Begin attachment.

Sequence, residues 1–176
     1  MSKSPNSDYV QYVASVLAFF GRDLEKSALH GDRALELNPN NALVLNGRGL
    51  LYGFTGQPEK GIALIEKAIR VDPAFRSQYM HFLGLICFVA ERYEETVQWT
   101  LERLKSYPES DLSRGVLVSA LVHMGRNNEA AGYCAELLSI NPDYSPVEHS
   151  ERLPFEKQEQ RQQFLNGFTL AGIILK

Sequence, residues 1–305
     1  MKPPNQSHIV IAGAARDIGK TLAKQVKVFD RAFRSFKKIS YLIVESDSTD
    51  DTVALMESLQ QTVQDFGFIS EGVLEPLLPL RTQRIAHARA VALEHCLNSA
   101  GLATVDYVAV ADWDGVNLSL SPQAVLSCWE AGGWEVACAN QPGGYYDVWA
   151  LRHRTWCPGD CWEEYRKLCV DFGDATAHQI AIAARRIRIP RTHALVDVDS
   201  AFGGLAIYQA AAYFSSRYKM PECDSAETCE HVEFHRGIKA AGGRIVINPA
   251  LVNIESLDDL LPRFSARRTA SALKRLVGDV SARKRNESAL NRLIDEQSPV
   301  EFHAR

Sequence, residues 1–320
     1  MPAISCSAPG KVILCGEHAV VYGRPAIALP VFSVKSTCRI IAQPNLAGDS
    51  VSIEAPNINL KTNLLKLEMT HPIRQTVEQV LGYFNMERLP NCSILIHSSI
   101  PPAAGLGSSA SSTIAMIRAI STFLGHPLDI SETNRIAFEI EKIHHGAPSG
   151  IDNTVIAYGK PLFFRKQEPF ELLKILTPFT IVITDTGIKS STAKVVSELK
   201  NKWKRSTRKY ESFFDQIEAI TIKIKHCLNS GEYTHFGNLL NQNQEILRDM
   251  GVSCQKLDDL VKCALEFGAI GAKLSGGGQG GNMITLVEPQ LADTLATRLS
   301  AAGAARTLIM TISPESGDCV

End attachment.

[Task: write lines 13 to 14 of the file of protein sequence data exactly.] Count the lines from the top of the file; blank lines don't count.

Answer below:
   301  EFHAR

Sequence, residues 1–320